Many methods work to protect tender plants.
The hydrangea problem sounds as though the plant is being damaged by winter. Hydrangea macrophylla--the species of hydrangea that most of the blue snowball types are a member of--bloom on the previous season's growth. In colder climates, the plant will grow well, but the stems often freeze back to near the crown each year, reducing the previous season's growth necessary for flowering. The few blooms near the bottom or side of the plant reinforces this idea since that would be where old wood that survived the winter is located.
There are two things that could help the reader realize the blooming qualities for which the hydrangea was planted. The plant could be replaced with a newly found Hydrangea macrophylla that blooms on old and new growth, called Endless Summer Hydrangea. Or, the reader could protect the existing plant from the winter weather.
Roses and the hydrangea in question often need additional protection from frigid temperatures to perform from year to year. This can be accomplished with a variety of methods.
First, let your plants go through several freezes to allow them to become dormant before adding protection. If you have had problems with rodents nibbling on plants in the past, you may even want to let the ground freeze a bit before adding insulation to keep the ground frozen, making access to the crowns of the plants more difficult for critters.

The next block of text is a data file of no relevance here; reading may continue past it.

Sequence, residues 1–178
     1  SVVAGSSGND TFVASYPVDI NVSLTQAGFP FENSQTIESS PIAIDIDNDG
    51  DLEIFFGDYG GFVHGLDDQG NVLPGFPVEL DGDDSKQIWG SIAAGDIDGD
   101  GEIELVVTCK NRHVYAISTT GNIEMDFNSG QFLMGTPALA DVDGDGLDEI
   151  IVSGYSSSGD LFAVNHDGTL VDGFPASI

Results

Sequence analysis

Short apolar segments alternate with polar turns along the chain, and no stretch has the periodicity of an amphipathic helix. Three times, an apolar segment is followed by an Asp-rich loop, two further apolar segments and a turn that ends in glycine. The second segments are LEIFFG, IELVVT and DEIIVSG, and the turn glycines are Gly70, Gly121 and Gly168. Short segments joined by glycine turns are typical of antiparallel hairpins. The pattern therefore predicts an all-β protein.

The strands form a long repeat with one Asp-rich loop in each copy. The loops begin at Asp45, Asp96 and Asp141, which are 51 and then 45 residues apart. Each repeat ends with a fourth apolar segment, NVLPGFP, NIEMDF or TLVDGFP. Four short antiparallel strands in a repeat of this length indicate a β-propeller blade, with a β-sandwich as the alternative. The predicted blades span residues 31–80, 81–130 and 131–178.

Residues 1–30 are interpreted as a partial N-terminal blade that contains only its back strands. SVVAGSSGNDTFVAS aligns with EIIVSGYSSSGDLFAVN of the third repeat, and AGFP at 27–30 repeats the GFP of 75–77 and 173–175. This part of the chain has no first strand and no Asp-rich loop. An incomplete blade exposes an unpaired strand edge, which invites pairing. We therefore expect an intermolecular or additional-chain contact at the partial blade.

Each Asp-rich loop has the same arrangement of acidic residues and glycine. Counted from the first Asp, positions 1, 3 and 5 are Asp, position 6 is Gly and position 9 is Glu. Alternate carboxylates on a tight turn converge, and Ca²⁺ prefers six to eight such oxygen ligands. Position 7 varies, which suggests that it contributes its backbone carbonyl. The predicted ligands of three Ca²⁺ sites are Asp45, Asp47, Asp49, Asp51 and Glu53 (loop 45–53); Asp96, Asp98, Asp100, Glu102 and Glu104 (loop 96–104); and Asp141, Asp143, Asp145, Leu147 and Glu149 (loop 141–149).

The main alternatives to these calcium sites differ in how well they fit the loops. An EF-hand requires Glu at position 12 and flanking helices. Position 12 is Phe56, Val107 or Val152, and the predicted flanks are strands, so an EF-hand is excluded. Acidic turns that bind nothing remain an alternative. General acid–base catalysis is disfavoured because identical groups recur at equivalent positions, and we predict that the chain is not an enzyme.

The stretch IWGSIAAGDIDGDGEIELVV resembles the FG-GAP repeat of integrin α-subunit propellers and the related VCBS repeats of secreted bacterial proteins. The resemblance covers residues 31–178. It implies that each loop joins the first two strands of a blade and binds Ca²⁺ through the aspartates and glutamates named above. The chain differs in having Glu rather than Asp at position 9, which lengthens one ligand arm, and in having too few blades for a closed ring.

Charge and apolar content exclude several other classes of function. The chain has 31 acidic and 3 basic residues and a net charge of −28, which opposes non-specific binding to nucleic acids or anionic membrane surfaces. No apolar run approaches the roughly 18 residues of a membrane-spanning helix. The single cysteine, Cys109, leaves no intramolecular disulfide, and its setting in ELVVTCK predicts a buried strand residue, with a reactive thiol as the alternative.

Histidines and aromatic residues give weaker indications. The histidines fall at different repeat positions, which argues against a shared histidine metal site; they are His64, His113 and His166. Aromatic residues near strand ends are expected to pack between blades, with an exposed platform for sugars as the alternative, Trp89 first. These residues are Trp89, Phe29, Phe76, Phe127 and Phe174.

In my opinion, there's really no right or wrong way to winterize, or insulate, plants. The point is to protect parts of the plants required for renewal next spring.
For roses, we need to protect the crowns--grafting points--and as much of the stems that can realistically be protected, usually from 12 to 24 inches. In the case of the hydrangea, the more stems protected, the merrier next season's floral display will be.
Styrofoam cones work well to insulate plants from the cold, but the lids need to be removed on warm, sunny days to prevent the plants from being tricked out of dormancy too early.
Mounding soil around the plant's stems works well to prevent winter injury, but this can be an enormous undertaking for a gardener who has more than just a few plants to protect. After all, the soil you put on in the fall has to come off in the spring.
Straw or leaves can be used to offer protection from the cold as well. This organic material that can go to the compost pile after removal next spring often needs the help of some type of cage to keep winds from scattering the material throughout the garden. Perhaps you can enlist tomato and pepper cages to pull double duty to help out.
Because I use wood chips for mulch in my landscape beds, I also use chips for insulating material. Chips piled up on a tender plant tend to stay in place throughout the winter, without help from a cage. In the spring, when it's time to remove the insulation, the chips can be raked back and used to dress up the mulch bed for a nice, fresh look.
Whatever method works best for you to protect tender plants, start thinking about doing it now. The rewards will arrive in a few short months.
Mike Lang is a horticulturist from Perry, Kan.
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|Title Annotation:||GARDEN GATE|
|Date:||Nov 1, 2005|
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